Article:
$$\hbox{\epsfxsize=2.5in \epsffile{phi-function1.eps}}\hskip0.25in \hbox{\epsfxsize=2.5in \epsffile{phi-function2.eps}}$$

$$\hbox{\epsfxsize=2.5in \epsffile{phi-function3.eps}}$$


Example. Suppose $f: \integer^+ \to \integer^+$ is defined by $f(n) = n^2$ . Then

$$[D(f)](n) = \sum_{d \mid n} d^2.$$

For example,

$$[D(f)](12) = \sum_{d \mid 12} d^2 = 1^2 + 2^2 + 3^2 + 4^2 + 6^2 + 12^2 = 210.$$


Lemma.

$$[D(\mu)](n) = \sum_{d \mid n} \mu(d) = \cases{1 & if $n = 1$ \cr 0 & otherwise \cr}$$

Proof. The formula for $n = 1$ is obvious.

Suppose $n > 1$ . Let

$$n = p_1^{r_1}\cdots p_k^{r_k}$$

be the factorization of n into distinct primes. What are the nonzero terms in the sum $\displaystyle
   \sum_{d \mid n} \mu(d)$ ? They will come from d's which are products of single powers of $p_1$ , ... $p_k$ , and also $d = 1$ .

For example, $\mu(p_1p_2p_7)$ and $\mu(p_2p_4)$ would give rise to nonzero terms in the sum, but $\mu(p_3^3p_8) = 0$ .

So

$$\sum_{d \mid n} \mu(d) = 1 + \left(\mu(p_1) + \cdots + \mu(p_k)\right) + \left(\mu(p_1p_2) + \mu(p_1p_3) + \cdots + \mu(p_{k-1}p_k)\right) + \cdots + \mu(p_1p_2\cdots p_k) =$$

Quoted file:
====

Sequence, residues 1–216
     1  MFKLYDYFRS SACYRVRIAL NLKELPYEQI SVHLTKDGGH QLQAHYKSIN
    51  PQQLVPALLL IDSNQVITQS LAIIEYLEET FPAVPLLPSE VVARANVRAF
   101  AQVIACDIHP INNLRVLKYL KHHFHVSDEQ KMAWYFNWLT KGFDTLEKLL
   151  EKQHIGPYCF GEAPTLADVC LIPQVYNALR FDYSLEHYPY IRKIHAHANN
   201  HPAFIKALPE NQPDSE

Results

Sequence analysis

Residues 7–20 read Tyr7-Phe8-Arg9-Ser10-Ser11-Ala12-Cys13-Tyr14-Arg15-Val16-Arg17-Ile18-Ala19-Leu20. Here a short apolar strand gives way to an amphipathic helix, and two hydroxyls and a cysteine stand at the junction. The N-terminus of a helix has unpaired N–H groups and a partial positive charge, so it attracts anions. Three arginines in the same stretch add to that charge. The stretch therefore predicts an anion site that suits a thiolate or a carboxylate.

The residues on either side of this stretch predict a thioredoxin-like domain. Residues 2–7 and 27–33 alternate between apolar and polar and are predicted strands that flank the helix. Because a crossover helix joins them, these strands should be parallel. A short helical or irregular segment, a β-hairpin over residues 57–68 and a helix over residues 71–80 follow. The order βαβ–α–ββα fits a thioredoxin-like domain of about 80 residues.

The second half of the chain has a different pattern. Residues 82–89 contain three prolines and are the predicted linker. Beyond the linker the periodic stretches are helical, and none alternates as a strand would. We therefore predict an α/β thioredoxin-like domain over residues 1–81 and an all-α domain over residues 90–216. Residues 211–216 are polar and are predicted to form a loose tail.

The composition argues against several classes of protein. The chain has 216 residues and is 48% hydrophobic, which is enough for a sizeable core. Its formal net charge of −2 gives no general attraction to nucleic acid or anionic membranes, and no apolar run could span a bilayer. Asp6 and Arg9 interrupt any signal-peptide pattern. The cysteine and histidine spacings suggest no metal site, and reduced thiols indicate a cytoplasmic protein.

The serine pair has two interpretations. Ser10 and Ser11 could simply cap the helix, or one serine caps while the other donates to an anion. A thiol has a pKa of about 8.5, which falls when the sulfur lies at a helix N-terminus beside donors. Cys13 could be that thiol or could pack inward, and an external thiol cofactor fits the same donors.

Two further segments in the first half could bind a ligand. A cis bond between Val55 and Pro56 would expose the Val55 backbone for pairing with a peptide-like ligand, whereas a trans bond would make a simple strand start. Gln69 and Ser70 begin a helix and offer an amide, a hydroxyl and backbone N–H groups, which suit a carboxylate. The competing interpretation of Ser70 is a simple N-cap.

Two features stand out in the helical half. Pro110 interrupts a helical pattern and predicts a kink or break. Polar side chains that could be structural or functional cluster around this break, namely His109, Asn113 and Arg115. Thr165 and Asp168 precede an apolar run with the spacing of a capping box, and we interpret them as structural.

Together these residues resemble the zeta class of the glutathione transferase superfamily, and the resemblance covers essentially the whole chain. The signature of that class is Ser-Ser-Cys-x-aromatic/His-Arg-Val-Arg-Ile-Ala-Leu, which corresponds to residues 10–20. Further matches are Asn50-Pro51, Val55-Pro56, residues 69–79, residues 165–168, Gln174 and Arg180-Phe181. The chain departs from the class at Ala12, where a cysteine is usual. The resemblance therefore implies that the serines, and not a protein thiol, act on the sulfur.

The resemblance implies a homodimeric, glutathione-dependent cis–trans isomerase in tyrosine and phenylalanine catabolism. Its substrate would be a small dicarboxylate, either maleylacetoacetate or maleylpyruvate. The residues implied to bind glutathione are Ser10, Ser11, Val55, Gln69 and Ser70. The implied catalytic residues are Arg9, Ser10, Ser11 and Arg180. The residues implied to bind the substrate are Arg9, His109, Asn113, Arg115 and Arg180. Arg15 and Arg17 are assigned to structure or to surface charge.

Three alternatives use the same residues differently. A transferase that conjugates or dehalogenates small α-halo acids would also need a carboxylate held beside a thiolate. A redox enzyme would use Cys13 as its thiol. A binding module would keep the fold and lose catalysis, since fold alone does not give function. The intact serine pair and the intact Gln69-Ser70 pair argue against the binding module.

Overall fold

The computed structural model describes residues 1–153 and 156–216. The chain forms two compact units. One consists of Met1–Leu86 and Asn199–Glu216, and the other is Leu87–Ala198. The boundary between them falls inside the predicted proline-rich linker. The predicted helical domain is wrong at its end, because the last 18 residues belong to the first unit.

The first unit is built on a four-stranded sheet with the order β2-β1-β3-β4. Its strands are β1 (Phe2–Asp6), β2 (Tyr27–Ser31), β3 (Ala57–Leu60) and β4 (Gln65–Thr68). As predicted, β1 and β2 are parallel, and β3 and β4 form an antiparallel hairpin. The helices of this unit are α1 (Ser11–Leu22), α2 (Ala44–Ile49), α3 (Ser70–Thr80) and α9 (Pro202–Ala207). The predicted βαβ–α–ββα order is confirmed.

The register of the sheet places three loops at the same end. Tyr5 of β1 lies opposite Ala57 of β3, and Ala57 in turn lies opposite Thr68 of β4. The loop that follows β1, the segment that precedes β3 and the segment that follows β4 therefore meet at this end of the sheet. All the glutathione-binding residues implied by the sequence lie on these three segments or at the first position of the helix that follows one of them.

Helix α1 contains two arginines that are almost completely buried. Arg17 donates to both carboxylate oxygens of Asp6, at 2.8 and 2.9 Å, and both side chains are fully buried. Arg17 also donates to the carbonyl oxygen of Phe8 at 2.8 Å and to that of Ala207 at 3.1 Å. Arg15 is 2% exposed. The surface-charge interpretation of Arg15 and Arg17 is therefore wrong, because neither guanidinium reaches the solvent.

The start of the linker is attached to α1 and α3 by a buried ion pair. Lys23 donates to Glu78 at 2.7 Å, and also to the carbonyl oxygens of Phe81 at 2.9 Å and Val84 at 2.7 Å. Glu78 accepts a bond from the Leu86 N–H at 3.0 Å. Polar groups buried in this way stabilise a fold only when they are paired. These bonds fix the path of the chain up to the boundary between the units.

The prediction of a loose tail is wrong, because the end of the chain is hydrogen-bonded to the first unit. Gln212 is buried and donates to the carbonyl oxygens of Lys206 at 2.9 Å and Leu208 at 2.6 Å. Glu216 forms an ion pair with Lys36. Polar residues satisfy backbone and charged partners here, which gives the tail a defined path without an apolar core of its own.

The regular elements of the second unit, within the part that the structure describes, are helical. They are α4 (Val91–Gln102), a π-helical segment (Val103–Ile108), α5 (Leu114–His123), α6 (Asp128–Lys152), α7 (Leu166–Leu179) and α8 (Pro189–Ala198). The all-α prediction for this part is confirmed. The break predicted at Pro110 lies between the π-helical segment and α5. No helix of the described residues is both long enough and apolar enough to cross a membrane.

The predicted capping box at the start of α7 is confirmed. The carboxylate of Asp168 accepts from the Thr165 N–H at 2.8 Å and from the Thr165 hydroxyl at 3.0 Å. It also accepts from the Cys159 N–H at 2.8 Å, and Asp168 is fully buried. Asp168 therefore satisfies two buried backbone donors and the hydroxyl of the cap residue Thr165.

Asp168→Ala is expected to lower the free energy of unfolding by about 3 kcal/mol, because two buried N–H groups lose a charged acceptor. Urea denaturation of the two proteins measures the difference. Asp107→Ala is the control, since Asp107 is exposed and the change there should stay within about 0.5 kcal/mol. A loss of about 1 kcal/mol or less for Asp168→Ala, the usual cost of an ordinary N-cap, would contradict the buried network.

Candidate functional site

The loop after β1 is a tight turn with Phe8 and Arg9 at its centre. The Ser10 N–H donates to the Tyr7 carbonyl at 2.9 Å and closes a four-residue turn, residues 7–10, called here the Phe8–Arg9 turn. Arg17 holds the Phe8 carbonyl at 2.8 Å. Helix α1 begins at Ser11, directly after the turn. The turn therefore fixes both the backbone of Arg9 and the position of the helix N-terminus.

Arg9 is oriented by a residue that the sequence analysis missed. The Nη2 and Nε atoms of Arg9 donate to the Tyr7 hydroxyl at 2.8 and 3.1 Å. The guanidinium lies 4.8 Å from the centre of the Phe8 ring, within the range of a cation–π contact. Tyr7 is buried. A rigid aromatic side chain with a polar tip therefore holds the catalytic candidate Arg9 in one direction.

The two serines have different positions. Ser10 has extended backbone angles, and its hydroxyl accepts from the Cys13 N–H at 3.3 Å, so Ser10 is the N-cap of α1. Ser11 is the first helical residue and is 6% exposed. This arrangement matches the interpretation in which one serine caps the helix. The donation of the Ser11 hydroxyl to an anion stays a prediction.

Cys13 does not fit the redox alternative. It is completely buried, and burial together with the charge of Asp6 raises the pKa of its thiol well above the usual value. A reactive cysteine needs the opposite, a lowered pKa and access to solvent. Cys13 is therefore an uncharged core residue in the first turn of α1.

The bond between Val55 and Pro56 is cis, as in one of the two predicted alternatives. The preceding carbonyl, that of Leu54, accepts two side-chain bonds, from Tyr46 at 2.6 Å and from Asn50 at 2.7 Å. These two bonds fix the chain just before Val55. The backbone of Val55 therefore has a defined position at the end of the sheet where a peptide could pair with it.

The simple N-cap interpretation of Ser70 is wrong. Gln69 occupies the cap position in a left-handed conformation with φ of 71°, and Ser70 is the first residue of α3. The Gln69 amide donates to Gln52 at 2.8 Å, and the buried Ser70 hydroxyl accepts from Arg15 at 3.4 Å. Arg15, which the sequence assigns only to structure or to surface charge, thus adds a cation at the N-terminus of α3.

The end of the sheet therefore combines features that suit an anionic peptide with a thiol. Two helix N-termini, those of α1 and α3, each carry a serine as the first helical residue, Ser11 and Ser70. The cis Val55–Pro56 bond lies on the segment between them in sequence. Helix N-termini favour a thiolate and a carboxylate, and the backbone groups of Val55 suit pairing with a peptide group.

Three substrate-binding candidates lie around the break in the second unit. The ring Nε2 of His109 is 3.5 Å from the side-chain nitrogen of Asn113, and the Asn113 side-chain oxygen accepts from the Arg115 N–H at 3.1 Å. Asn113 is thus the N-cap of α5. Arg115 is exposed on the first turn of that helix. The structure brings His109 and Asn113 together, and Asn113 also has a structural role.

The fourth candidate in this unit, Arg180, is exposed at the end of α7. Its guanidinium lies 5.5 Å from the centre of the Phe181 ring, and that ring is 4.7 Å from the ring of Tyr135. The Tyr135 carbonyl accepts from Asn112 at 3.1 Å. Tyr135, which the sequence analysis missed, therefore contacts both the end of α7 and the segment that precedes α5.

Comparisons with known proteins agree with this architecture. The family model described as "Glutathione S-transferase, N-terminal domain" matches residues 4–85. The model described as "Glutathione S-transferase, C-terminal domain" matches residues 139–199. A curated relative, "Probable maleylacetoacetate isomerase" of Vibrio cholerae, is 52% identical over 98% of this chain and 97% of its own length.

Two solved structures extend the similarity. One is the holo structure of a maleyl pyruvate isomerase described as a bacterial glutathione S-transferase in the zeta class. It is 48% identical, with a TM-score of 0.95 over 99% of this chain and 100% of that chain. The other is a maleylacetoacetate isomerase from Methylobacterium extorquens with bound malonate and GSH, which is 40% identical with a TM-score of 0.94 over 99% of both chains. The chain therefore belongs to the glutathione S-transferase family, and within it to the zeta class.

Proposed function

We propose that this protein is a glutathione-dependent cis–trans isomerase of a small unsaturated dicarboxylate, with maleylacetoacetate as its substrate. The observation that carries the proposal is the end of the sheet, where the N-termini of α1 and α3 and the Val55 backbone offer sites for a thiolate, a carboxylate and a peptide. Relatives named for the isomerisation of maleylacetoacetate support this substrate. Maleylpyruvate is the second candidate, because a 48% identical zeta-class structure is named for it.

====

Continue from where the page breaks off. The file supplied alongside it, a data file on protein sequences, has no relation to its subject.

$$1 + {k \choose 1}(-1) + {k \choose 2}(-1)^2 + \cdots + {k \choose k}(-1)^k = (1 - 1)^k = 0.\quad\halmos$$


Example. Suppose $n = 24$ . The divisor sum is

$$\sum_{d \mid 24} \mu(d) = \mu(1) + \mu(2) + \mu(3) + \mu(4) + \mu(6) + \mu(12) + \mu(24) = 1 + (-1) + (-1) + 0 + 1 + 0 + 0 = 0.\quad\halmos$$


Definition. If f and g are arithmetic functions, their Dirichlet product is

$$(f\ast g)(n) = \sum_{d\mid n} f(d)g\left(\dfrac{n}{d}\right).$$


Example. If f and g are arithmetic functions,

$$(f\ast g)(12) = f(1)g(12) + f(2)g(6) + f(3)g(4) + f(4)(g(3) + f(6)g(2) + f(12)(g(1).\quad\halmos$$


I'll need two helper functions in what follows. Define

$$I(n) = 1 \quad\hbox{for all}\quad n \in \integer ^+,$$

$$e(n) = \cases{1 & if $n = 1$ \cr 0 & otherwise \cr} \quad\hbox{for all}\quad n \in \integer ^+.$$